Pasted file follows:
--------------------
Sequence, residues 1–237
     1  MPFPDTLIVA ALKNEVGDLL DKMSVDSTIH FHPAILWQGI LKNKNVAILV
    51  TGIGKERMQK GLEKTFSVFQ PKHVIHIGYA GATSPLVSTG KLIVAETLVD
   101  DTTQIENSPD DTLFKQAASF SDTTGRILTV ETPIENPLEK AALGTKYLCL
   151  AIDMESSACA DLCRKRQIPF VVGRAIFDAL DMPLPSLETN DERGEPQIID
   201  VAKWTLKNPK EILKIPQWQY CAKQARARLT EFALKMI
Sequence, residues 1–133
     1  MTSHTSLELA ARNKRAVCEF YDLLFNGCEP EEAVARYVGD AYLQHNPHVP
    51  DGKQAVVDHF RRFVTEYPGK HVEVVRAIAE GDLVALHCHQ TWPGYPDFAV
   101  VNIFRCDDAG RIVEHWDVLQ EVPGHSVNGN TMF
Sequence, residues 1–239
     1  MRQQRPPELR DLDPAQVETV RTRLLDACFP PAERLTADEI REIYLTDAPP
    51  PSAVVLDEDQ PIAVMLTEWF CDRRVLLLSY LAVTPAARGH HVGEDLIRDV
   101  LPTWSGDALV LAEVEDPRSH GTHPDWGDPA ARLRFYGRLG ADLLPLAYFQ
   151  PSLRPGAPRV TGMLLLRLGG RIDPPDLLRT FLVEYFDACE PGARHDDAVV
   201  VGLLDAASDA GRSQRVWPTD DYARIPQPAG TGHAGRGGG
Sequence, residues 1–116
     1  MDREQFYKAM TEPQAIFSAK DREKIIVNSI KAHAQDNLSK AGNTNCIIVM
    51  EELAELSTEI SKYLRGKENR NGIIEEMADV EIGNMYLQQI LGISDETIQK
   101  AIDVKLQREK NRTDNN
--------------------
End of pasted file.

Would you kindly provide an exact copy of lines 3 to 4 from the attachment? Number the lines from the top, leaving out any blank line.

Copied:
    51  TGIGKERMQK GLEKTFSVFQ PKHVIHIGYA GATSPLVSTG KLIVAETLVD
   101  DTTQIENSPD DTLFKQAASF SDTTGRILTV ETPIENPLEK AALGTKYLCL